We have to be careful since our models might get pwnage or possessed. User input in the prompt may instruct the model to do something naughty. This input can even reveal your prompt to prompt injection attacks and possess your AI. This actually works in GPT-3-powered production apps.
5 - Other Applications
One notable application of large foundation models is code generation. With a 40- billion-parameter Transformer model pre-trained on all the Github code it could find, DeepMind Alphacode was able to achieve an above-average score on the Codeforce competition. To do this, they used a model to generate a large set of potential solutions and another model to winnow down the options by actually executing them.
The general idea to highlight from this is filtering the outputs of a model. You can have a separate model that does filtering, or you can have some kind of verification + validation process. This can really significantly boost accuracy. OpenAI demonstrates impressive results on different math word problems, as seen below.
We’re just getting started with the applications of foundation models to the programming workflow. In fact, things are about to start getting really wild. A recent paper showed that a large language model that generated its own synthetic puzzles to learn to code could improve significantly. Models are teaching themselves to get better!
Semantic search is another interesting application area. If you have texts like words, sentences, paragraphs, or even whole documents, you can embed that text with large language models to get vectors. If you have queries in sentences or paragraphs, you can also embed them in the same way. With this function, you can generate embeddings and easily find semantic overlap by examining the cosine similarity between embedding vectors.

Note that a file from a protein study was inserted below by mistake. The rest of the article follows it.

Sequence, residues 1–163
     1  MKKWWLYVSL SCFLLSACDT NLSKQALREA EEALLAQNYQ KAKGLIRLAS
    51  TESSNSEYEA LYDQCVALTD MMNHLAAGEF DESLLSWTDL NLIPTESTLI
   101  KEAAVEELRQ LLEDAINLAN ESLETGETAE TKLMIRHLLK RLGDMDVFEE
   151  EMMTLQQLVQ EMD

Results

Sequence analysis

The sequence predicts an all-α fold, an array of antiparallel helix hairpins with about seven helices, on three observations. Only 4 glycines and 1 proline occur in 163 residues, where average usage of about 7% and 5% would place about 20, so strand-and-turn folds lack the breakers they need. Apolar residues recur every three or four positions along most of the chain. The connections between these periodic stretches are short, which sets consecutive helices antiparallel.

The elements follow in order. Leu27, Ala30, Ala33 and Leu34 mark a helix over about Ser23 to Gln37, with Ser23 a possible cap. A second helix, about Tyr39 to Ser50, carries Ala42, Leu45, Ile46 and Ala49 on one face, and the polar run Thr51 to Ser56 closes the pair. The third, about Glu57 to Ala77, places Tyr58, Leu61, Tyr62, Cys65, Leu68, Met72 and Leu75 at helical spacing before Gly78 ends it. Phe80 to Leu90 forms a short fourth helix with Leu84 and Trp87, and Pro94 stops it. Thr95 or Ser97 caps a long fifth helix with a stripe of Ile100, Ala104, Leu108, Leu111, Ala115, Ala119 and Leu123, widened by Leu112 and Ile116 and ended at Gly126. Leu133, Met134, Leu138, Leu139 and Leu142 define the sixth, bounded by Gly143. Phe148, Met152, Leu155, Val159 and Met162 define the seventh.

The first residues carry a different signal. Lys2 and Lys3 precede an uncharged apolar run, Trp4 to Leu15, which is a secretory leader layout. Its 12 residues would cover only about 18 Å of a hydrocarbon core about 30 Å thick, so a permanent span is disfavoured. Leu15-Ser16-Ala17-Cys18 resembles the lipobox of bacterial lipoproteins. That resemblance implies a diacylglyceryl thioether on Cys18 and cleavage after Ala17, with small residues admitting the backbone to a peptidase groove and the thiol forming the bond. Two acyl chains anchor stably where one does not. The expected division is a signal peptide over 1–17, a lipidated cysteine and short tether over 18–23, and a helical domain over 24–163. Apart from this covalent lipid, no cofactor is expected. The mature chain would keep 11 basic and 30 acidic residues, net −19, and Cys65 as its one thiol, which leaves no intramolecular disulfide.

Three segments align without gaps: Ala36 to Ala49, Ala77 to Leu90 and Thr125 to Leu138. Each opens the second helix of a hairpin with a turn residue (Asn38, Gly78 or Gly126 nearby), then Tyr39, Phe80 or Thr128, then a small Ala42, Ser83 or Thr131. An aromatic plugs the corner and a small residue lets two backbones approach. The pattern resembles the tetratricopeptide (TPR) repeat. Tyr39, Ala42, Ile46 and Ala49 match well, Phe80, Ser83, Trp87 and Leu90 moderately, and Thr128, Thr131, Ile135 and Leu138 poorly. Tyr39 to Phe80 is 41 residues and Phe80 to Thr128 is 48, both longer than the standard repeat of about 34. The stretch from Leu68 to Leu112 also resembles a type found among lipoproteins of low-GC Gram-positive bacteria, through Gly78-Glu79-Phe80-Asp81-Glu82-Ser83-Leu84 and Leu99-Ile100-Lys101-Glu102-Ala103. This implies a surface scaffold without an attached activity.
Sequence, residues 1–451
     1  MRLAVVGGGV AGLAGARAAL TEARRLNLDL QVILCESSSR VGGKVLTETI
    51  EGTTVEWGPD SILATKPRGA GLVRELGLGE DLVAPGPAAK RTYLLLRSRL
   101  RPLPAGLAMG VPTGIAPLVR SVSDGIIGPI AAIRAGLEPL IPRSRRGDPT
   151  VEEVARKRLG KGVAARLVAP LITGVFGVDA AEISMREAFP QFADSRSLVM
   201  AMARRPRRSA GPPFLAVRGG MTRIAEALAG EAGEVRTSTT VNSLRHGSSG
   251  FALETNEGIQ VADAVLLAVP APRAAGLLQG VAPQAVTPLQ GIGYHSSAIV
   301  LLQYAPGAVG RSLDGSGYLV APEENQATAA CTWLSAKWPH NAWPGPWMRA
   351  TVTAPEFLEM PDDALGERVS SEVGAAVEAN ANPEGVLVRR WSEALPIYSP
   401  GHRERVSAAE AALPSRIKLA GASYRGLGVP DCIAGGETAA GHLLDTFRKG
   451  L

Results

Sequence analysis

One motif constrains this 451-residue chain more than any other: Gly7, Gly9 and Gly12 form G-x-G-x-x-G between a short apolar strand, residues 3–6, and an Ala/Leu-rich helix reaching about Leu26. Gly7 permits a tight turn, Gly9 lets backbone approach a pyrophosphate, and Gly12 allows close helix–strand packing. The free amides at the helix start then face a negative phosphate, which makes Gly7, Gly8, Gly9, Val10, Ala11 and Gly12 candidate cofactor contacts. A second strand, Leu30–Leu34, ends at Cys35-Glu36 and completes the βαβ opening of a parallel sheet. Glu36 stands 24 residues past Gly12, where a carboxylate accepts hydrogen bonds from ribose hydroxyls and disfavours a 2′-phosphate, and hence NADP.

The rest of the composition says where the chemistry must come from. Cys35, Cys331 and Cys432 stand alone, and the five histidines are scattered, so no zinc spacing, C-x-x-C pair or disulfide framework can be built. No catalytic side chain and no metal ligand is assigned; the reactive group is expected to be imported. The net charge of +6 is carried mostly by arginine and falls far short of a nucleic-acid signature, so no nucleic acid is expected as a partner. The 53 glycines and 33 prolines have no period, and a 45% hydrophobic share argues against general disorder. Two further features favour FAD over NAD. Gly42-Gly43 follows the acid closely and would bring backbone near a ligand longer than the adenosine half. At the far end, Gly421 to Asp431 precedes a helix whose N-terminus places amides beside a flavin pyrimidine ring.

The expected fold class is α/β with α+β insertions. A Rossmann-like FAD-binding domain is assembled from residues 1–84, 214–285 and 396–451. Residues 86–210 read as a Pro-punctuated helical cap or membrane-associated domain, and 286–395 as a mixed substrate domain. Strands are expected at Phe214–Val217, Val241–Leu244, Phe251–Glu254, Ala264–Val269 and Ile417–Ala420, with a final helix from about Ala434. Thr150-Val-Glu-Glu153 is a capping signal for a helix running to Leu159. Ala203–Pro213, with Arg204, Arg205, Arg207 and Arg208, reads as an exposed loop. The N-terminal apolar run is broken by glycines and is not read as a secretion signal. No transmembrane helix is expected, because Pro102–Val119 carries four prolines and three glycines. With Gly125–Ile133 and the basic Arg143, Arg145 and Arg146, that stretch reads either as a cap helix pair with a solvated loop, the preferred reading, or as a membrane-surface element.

Implementing this semantic search is hard. Computations on large, dense vectors with float data types are intensive. Companies like Google and Facebook that use this approach have developed libraries like FAISS and ScaNN to solve the challenges of implementing semantic search.
Newer models are bridging the gap between data modalities (e.g. using both vision and text). One such model is the Flamingo model, which uses a special model component called a perceiver resampler (an attention module that translates images into fixed-length sequences of tokens).